Tuesday, May 21, 2013

Keep Keystone XL on the Drawing Board

On Sunday, May 19, an OpEd appeared in the Washington Post on the subject of the Keystone Pipeline. Lamar Smith, a Republican and chairman of the House Committee on Science, Space, and Technology submitted the article, but it was most likely written by a lobbyist for the oil industry. It presents the industry's best arguments for constructing the Keystone XL (KXL) pipeline. These arguments should convince no one.

Smith makes the argument that KXL will create 40,000 jobs, but previous estimates have yielded a figure of 20,000 jobs. The project will cost $7 billion. This means each job will cost about $350 thousand. These are only temporary jobs. The 20,000 figure is the total number of jobs created in one year. The pipeline will actually take 4 years and the jobs will be spread out over that time period, so a more accurate estimate would be 5,000 jobs for 4 years. After four years, the pipeline will be maintained and operated by 35 people, so 35 permanent jobs will be created by $7 billion.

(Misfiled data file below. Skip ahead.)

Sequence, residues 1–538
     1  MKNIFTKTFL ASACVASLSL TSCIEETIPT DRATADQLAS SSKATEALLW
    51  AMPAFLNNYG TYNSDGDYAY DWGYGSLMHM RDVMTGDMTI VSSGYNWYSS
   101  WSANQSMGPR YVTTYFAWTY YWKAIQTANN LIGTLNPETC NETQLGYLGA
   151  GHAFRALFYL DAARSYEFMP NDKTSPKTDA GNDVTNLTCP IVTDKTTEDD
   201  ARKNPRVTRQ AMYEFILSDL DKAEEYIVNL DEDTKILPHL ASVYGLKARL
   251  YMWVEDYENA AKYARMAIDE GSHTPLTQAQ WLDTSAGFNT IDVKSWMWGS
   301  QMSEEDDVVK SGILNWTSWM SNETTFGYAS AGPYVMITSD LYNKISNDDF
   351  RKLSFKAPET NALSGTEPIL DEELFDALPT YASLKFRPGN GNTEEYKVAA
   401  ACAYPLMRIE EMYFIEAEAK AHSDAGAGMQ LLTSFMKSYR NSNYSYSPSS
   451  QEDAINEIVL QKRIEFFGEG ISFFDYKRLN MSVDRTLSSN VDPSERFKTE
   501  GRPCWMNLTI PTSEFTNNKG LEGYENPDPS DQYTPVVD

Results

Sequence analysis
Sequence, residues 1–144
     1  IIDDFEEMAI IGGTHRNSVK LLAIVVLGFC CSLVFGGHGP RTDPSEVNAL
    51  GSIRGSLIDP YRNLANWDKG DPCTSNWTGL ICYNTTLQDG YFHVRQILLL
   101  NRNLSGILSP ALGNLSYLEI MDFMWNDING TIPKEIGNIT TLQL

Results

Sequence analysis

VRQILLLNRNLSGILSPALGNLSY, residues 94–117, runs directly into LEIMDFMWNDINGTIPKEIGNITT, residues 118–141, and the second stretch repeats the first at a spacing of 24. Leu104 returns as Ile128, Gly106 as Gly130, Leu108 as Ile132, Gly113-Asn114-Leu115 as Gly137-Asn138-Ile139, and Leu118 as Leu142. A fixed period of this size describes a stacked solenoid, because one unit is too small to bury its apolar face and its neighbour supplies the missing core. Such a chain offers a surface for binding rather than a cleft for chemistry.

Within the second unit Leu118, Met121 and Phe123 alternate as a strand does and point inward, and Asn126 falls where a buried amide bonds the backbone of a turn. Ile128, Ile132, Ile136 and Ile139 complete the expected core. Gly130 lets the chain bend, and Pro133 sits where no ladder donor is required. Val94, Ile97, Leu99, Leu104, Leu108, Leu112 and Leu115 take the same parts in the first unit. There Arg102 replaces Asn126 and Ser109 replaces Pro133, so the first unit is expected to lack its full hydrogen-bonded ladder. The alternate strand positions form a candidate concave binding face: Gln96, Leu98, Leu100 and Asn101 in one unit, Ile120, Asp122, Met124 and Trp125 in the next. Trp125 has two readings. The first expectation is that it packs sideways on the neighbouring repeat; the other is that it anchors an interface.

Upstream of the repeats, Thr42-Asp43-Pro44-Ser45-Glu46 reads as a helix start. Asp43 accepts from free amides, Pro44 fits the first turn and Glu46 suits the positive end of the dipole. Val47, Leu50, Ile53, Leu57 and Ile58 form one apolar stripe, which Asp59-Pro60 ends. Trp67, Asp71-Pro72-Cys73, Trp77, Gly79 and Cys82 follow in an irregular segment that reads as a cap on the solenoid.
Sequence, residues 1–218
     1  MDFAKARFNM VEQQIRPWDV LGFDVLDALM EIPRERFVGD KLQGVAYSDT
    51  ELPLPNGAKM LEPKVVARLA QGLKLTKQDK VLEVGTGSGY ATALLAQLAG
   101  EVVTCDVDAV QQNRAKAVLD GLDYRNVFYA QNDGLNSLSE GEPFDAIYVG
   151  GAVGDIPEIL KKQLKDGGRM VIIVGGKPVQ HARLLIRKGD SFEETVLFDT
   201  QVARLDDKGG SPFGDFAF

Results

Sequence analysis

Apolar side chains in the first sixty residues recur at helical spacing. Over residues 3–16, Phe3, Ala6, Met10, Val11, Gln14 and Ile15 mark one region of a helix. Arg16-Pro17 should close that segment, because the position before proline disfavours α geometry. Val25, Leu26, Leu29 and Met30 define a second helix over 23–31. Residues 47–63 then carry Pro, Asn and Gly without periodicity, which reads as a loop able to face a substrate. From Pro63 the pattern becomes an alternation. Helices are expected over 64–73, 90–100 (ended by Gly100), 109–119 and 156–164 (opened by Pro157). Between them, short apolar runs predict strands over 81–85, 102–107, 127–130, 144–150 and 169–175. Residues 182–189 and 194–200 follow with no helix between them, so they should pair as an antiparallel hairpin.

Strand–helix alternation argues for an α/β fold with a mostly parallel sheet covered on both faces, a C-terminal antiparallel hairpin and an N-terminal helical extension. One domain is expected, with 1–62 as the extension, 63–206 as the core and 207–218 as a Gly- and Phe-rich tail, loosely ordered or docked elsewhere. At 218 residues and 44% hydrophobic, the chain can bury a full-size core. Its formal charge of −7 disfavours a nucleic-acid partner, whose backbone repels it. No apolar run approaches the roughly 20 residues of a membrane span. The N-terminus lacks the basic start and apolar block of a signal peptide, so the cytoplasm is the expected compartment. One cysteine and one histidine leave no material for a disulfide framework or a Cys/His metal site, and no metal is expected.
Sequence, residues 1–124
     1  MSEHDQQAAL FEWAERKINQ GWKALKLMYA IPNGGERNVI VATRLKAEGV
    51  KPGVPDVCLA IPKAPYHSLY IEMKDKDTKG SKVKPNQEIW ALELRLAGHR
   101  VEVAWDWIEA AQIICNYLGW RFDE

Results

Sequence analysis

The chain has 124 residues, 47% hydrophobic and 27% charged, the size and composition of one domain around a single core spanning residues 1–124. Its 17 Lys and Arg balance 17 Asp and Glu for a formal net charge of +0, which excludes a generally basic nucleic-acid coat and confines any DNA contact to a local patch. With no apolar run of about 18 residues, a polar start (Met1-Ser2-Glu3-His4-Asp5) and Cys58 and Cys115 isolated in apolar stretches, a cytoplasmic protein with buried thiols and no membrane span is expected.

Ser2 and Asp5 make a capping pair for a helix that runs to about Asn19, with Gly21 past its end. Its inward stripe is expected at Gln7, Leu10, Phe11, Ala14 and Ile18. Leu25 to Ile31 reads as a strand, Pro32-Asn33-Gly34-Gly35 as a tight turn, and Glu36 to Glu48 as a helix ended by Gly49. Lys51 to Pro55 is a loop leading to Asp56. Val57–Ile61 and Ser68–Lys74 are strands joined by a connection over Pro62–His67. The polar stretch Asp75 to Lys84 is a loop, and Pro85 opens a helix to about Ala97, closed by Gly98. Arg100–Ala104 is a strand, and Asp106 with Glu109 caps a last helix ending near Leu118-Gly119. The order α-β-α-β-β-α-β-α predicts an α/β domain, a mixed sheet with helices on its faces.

The figure of $350 thousand per job may seem high, but that figure is the same as was calculated by a 2009 University of Massachusetts study for oil and gas industry job creation. The study projected that $1 million spent in the oil and gas industry creates less than 3 jobs.

There are better ways to create jobs. The U Mass study compares jobs in the oil and gas industry to jobs in clean energy industries. The same $7 billion, if invested in wind production would create 66,000 jobs. Similar results, yielding many more jobs, hold true for investments in solar and biomass industries. The best way to create jobs in clean industries is by investing in mass transit rail. The same amount of money invested in rapid transit would yield 111,000 jobs. Small wonder that pro-oil industry politicians like Rick Scott of Florida have cancelled rapid transit projects. The results of rapid transit take profits from the oil industry and create thousands of new jobs as well.